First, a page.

Saturday, October 22, 2011

Grazing Corn

OMFRA video, about planting corn to have your sheep graze late fall/early winter.
Very interesting, hmmm...

You'll hear a lot from anti factory-farm people about how corn is bad & unnatural for animals. Humans have been feeding corn, and other grains, to farm animals for centuries. It is a good way to keep weight on the animals over winter.

The "problems" with corn are really more related to the factor-farm mentality and feed lots, where the animals are confined in a small area and fed corn to increase their weights right before slaughter. This adds a lot of the lovely fatty marbling that is so popular, but not a lot of nutrients.

Feeding entire stalks like this would be a good way to feed your animals for a few cold months, reducing feed costs (hay) for animals that don't need it (like the horses do) to be healthy. If you watch the video you'll noticed that there is a cow & llama in with these sheep.

Now, we do prefer the taste of grass-finished beef; it is a lot stronger tasting, more beefy, then what you get at the store; there is also some research that shows all that grass puts those good Omega3s into the beef. Something corn-fed cattle definitely don't have.

So, food for thought, either way.

Turkeys on display

video


All 3 were displaying before I got the camera out there. They are very beautiful birds in their full splendor. Too bad about the missing tail-feathers, that's from living with Lenny-the-Jerk.

Friday, October 21, 2011

KSCC: Victory Barnyard



Okay, seriously, how cute are these patterns!?
I know I've mentioned Purple Kitty before, these are all free vintage patterns. 

Vintage patterns can be a little bit tricky for a new knitter because you need to adjust for gauge and differences in wool. The best way to learn about things like gauge and how to use them is to check out the free Knit Picks podcast. I have to warn you though, they have beautiful yarns and gorgeous needles, all of which are very hard to resist (I didn't last long, Wool of the Andes is what I used on the kids baby blankets, soft and beautiful and it can survive at least one accidental washing).

Unlike trying to adapt a dress or sweater from a vintage pattern, if you mess up your gauge on a toy, it still fits. So they are a great place to start!

Thursday, October 20, 2011

Egg Sitting

The great thing about chickens is that they don't care one little bit of the chicks they hatch are their "own" eggs. They are completely blind to size & colour, in fact if you look carefully she's sitting on one green egg, one brown egg & one wooden egg.

The wooden eggs go in the nest boxes to "teach" the young hens where to lay their eggs. I was also hoping it would make it a little uncomfortable for the cockerels to sleep in there with the eggs, but so far that hasn't worked. 

So our little EE here has decided she'd like to raise up a few chicks. Right now she's got one from the other EE, one from the BPR and one from the buff (I think); hoping my Marran girls are going to give me a few to add today.

Not really sure this is the best time of year for chicks, it is getting cold; but momma hens are well equipped to keep their broods nice and warm. Plus we're getting a ton of eggs, but I don't want to start selling until next spring when we've got everything sorted out. By then we'll want to start adding some more chickens & expanding our laying crew, so if we get some babies in now they'll be old enough come spring to start laying.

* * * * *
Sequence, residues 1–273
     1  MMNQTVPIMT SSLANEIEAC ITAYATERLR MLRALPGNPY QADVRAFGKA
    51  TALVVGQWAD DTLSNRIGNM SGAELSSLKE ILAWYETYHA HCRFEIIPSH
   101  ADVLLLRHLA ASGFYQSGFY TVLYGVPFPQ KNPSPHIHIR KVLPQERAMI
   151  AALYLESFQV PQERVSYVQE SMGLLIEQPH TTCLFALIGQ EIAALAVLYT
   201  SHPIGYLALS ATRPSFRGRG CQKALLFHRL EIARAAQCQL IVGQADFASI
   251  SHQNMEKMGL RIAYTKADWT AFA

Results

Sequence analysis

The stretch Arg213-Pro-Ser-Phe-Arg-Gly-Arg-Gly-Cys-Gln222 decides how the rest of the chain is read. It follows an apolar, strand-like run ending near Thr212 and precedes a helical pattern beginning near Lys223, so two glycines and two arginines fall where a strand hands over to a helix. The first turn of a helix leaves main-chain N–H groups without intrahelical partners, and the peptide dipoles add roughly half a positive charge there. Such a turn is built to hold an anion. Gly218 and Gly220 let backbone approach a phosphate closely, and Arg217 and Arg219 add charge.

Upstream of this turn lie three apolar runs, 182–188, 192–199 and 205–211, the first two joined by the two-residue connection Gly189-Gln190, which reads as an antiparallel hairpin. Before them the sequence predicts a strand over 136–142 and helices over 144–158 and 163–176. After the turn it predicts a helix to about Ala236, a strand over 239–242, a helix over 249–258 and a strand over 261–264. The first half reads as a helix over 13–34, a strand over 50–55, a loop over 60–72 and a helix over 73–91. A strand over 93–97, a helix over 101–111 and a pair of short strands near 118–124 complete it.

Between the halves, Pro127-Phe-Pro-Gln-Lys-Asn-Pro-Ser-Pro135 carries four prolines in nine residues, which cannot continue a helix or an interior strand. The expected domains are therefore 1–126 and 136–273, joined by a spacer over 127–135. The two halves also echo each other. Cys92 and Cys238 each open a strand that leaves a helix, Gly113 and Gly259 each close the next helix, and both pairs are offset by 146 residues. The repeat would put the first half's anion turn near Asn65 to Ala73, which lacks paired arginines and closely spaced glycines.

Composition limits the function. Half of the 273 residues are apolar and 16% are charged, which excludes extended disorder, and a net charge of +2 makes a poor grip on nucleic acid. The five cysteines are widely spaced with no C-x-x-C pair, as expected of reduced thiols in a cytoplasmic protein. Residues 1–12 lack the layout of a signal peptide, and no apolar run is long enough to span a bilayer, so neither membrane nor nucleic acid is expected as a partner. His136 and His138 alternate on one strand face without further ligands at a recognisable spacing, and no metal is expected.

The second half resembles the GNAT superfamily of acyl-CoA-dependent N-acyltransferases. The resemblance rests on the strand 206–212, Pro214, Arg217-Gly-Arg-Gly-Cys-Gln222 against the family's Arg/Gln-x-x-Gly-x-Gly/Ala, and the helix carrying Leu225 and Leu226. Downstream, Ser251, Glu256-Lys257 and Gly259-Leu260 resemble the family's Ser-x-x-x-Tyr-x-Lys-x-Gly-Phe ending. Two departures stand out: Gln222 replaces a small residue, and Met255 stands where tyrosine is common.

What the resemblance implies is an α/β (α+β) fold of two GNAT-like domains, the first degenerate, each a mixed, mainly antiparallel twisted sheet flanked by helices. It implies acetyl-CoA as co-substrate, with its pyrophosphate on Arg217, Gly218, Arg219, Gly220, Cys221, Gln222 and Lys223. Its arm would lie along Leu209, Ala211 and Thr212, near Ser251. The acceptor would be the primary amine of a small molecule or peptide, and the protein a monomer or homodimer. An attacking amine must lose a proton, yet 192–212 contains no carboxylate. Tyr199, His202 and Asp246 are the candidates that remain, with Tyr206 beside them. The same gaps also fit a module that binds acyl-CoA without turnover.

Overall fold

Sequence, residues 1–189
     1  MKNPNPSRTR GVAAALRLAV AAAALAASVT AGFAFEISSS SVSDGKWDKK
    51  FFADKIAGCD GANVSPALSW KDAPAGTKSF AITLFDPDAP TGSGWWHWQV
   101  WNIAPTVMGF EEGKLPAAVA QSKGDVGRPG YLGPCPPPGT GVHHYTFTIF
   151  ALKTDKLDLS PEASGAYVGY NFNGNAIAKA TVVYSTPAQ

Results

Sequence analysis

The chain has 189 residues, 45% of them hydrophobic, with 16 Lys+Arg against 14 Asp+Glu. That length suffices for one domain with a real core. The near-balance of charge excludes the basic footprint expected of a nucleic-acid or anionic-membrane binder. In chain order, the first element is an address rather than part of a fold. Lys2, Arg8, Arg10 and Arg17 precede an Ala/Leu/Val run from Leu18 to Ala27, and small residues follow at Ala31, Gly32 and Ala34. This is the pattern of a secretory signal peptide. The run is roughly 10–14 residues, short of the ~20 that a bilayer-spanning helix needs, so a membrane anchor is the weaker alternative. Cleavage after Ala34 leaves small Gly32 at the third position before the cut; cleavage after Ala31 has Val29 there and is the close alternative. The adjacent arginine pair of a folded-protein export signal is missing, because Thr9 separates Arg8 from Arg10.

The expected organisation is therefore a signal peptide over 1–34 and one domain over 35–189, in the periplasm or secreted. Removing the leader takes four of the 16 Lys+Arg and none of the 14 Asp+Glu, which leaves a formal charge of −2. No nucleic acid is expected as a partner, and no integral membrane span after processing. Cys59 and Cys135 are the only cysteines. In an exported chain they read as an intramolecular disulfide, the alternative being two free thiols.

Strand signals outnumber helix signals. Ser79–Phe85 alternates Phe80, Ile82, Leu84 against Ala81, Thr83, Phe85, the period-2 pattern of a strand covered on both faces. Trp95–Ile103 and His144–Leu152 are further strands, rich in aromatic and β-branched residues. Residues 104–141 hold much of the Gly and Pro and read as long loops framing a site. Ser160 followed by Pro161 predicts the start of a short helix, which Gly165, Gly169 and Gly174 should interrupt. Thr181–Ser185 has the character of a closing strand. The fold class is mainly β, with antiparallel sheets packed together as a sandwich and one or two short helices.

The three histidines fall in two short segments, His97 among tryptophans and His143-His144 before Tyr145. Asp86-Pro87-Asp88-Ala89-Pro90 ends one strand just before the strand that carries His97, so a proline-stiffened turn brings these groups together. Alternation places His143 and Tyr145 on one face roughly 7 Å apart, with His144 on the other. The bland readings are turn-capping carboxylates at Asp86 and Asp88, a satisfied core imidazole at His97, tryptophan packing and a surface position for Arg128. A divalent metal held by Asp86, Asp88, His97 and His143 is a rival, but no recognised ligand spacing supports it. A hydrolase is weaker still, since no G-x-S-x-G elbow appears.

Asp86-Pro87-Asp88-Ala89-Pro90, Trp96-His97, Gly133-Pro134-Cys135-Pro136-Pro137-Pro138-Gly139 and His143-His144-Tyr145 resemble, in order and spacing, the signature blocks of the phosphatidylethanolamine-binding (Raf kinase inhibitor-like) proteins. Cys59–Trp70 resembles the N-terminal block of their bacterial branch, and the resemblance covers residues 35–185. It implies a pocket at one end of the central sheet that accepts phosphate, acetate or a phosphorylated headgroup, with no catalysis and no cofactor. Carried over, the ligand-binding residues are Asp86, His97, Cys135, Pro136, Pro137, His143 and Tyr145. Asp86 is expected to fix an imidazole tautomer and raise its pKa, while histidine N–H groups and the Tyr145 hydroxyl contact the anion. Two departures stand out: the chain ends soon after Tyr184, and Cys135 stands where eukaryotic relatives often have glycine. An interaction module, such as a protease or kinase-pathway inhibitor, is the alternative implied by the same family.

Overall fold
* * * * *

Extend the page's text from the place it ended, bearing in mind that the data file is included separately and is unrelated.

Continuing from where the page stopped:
You've got  to be a little careful of a momma chicken on her nest, she gets very protective and she'll nip you! Chickens really don't bite very hard at all, so far I've only had one give me a really good bite, and it didn't even break the skin, just a pinch and the mark was gone in 20 minutes.

Chicken eggs can remain in their nest until mom is ready to sit them. Actually momma is hoping on & off right now, sitting for an hour or two then going outside to eat, then coming back in. The eggs should be fine like that until incubation starts. If she abandons them after that, the eggs will die. You start the hatch count-down from the time she starts sitting the eggs, not the time the first ones are layed.

She's starting sitting in earnest from last night, although the other EE has stolen her nest a few times, and last night I found her in there with the eggs & the two little cockerel chicks! Hopefully we'll have some new little fuzzy bums in about 21 days!

Wednesday, October 19, 2011

Cross-bill

This is how his bill lines up, I'm just
holding his jaw up so he'll close
his mouth for the picture.



While some species of finch have actually evolved a cross-bill to eat conifers cones (i.e. pinecones) this is a major disadvantage to a chicken.

This is one of our little EE babies, he was already slated to being culled just because he's a cockerel (yeah, I feel a little bad for the boys, but we've already got 3 roosters waging cockadoodle-doo wars around the yard). Not really sure what you do with a bantam cockerel you have to cull, there isn't much too them.

He does eat just fine, he's definitely smaller & a little lighter then his hatch mate, but watching him run around you'd never notice there was a problem.

My research shows that people keeping adult hens with cross-bills will trim them so that the chicken is able to eat more normally, or provide them with wet food.